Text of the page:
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Naomie Harris

by devnym

by Chesley Turner
photography by Spencer Heyfron

These days, we prefer our stars complicated and multi-faceted.  We want accomplishment and poise. We want grace and wit. We want intelligence and motivation and depth, and we want it wrapped in a package of style and sex appeal and stunning good looks.

And that is why Naomie Harris is on the cover.

Because she’s more than the island witch woman from Pirates of the Caribbean. She’s more than the Bond franchise’s latest Moneypenny. Blockbusters may have put her in the mind of the masses, but she’ll stay there thanks to the tougher pieces she’s tackling.

“I’m a believer that change is possible; I’m always wanting more change. So [the movies I choose] are in tune with my pro-progression, my sense of basically who I am. They deeply resonate with me.”

Naomie’s upcoming film, Mandela: Long Walk to Freedom is going to shatter the line between action flick and biopic. This isn’t your 4th grade social studies class. Accomplishing the change that transformed South Africa was a tumultuous and difficult effort. The story of the man who took the helm is necessarily compelling. But more than that, it’s recent.  Our own Civil Rights movement seemed almost old news by the time this story was really developing; Michael Jackson already had hit albums when the white bubble burst in South Africa.

Change is constantly happening, but at its own pace. Naomie, who was excited and terrified to take on the roll of Mandela’s famous wife, recognizes the subtleties of the change that he empowered. She relates a story from the book about Mandela’s life on Robben Island and his interaction with the prison guards. “He knew that in the beginning they would be very aggressive and not friendly at all, incredibly hostile to him. And he realized that was really as a result of lack of exposure to black people, and total ignorance. And not actually anything to do with him or even to do with his race. It was just that… they’d just been fed a diet of propaganda about who black people were.” Change took time, but it came. “He realized that by being in close proximity with these guards and building up a relationship with them and talking to them and them getting to know him, he broke down the barriers. They learned to see, not just him, but generally the Africans he was imprisoned with. And he saw these incredibly tough guards melt and become new people.”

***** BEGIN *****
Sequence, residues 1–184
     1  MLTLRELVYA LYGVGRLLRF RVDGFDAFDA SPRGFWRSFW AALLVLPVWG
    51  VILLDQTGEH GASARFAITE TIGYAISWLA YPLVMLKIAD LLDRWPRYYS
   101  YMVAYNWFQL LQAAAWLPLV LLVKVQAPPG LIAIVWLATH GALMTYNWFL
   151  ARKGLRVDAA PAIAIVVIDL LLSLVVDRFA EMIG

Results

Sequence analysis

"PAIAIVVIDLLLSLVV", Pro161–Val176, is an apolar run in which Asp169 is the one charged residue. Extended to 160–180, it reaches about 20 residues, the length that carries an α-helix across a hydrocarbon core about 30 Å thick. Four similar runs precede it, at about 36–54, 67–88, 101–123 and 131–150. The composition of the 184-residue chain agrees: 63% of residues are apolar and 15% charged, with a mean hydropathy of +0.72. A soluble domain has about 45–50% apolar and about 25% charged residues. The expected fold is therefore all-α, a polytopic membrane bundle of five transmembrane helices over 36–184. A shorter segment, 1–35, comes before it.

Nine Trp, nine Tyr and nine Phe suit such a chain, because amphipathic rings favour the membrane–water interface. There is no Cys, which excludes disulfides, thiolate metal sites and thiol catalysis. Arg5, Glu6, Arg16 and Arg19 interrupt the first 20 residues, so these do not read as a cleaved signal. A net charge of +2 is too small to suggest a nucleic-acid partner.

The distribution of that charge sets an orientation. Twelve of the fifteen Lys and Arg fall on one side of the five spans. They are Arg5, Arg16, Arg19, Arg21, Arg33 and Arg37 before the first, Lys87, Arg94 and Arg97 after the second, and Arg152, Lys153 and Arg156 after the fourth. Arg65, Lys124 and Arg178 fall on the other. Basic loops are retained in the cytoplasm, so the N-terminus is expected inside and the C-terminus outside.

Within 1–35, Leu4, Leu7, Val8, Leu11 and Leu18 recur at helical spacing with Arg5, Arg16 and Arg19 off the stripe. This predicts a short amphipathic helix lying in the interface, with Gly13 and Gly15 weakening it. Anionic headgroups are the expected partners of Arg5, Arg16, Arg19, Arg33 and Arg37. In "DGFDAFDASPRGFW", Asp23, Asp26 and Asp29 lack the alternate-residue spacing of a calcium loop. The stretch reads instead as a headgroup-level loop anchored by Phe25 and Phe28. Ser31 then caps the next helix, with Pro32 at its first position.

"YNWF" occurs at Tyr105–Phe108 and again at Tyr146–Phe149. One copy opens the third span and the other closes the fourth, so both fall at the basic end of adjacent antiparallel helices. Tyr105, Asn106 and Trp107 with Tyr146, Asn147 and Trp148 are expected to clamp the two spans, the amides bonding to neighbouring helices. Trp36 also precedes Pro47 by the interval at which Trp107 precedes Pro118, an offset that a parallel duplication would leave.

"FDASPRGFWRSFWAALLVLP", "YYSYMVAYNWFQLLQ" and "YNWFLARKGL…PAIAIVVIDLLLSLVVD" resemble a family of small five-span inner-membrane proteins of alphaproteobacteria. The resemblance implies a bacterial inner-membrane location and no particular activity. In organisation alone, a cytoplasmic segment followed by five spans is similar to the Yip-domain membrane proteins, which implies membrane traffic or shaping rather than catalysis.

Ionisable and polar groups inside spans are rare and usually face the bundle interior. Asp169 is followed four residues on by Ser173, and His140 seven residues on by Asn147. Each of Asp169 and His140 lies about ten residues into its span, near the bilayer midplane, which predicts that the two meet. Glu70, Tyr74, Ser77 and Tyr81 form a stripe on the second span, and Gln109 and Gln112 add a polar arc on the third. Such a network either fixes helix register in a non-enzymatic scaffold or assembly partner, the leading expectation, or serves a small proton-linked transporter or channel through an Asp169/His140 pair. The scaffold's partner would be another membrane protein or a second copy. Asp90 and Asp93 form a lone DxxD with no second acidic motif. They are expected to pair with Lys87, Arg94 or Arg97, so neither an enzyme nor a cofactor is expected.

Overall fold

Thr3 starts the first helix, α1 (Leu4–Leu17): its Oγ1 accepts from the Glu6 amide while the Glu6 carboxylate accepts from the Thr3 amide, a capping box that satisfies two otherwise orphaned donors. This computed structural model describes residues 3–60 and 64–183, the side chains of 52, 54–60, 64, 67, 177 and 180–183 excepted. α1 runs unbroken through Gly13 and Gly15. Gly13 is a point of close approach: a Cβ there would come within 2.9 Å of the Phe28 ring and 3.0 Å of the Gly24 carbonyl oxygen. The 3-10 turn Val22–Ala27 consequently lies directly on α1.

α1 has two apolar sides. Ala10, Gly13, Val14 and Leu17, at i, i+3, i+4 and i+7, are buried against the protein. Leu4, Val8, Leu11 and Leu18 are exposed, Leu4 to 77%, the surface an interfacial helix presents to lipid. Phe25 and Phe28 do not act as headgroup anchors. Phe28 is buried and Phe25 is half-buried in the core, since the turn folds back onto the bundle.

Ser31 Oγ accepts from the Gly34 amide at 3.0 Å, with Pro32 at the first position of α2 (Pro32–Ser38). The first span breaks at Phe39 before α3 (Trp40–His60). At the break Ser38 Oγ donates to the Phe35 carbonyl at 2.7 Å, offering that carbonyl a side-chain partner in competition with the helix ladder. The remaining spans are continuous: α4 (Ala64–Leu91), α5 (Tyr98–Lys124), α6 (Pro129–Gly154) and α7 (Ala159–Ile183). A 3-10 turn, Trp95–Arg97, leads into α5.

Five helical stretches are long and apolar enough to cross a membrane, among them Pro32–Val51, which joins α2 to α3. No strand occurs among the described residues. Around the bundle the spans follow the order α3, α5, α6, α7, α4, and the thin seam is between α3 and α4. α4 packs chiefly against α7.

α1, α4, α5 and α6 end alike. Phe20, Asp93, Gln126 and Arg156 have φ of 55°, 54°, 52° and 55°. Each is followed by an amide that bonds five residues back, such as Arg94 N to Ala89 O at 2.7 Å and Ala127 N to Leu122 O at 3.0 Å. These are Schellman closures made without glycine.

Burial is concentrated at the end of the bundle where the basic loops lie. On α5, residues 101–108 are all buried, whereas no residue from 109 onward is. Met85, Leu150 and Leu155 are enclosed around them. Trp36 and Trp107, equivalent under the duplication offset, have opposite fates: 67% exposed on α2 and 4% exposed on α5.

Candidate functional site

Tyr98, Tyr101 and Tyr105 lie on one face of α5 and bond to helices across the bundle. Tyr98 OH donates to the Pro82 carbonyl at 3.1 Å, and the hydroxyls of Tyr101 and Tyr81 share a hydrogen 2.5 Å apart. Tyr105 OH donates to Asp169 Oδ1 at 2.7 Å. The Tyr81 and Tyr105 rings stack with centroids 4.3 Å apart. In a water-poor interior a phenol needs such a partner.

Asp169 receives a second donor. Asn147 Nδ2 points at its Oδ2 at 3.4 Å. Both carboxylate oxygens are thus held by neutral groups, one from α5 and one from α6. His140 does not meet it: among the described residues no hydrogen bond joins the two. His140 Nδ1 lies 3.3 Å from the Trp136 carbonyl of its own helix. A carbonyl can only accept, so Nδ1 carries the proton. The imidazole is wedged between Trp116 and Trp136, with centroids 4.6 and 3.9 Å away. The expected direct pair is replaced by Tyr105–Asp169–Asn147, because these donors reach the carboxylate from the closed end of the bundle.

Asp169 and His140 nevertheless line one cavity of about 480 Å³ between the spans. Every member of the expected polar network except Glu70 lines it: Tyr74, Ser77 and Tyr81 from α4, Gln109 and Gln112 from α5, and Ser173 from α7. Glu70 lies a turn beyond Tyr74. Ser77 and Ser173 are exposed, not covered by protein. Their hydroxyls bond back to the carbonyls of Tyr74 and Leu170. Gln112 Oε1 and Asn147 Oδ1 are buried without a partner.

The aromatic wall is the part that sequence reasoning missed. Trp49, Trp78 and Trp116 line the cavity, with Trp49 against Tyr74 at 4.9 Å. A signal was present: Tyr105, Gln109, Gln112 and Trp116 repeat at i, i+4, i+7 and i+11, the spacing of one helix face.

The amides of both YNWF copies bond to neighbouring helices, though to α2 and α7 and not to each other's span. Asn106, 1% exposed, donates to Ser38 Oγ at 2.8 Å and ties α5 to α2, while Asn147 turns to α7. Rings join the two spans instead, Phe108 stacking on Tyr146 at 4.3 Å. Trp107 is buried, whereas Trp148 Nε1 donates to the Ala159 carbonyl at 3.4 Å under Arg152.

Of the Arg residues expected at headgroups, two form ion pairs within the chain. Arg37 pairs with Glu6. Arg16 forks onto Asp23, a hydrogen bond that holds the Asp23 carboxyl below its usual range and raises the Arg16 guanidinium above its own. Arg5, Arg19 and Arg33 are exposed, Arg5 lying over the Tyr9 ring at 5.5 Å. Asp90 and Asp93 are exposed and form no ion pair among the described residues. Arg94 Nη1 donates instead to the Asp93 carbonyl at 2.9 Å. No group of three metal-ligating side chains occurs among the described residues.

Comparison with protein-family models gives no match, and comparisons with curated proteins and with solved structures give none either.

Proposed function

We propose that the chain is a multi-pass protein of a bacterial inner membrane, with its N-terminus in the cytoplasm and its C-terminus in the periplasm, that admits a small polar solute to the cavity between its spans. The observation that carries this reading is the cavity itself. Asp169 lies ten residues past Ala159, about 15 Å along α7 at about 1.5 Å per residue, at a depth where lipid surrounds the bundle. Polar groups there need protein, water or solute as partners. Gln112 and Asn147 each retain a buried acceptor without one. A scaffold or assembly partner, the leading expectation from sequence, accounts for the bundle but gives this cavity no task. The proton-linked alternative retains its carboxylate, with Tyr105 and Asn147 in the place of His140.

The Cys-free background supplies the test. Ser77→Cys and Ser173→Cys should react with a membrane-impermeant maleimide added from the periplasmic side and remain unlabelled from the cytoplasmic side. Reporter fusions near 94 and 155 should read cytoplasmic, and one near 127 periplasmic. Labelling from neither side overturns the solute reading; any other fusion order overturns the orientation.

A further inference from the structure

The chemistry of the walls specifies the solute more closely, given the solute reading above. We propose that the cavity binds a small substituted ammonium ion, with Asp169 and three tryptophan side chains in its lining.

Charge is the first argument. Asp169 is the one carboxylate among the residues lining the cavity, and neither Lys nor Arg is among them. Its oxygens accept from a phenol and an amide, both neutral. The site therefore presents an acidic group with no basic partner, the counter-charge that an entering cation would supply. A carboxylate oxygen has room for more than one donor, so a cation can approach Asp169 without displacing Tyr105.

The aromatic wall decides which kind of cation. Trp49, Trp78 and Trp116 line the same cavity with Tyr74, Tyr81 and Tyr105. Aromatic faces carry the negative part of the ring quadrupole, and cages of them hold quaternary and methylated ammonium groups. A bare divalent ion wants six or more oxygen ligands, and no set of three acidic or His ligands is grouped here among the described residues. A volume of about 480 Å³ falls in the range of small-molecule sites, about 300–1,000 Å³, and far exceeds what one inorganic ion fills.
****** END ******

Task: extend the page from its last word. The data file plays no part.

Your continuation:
South Africa has come a long way since apartheid was ended and the white and black pieces could begin to stitch themselves together for the first time.  But there is still a lot of ignorance and misunderstanding in the world. There is fear from nation to nation in how people see one another. Which is why, Naomie says, it is so great to live in a city. “I guess my idea is the same as Mandela’s: that it’s all about experiences and exposure.  And that’s why it’s great living in a city, because you are constantly with people from different races, from all over the world and you get the opportunity to see up close and personal that ultimately we are more similar than we are different.”

Mandela isn’t Naomie’s first foray into Sub-Saharan change stories. A few years back, she acted in The First Grader, as a teacher who joins the fight to let an 84-year-old man attend school for the first time. It is a true story that pleads everyone is entitled to a basic education. “I love the idea of being part of something that shows on a huge scale how change is possible, and how as an individual you can enact change and it affects so many people’s lives.  And how it is possible to make a change as an individual that affects a complete society, if not a whole country.” These change epics also require considerable acting chops. Stock characters need not apply. “Those kind of films enable me as an actress to really show the breadth of what I can do, and I find that challenging and also liberating and fascinating for myself as an actor.”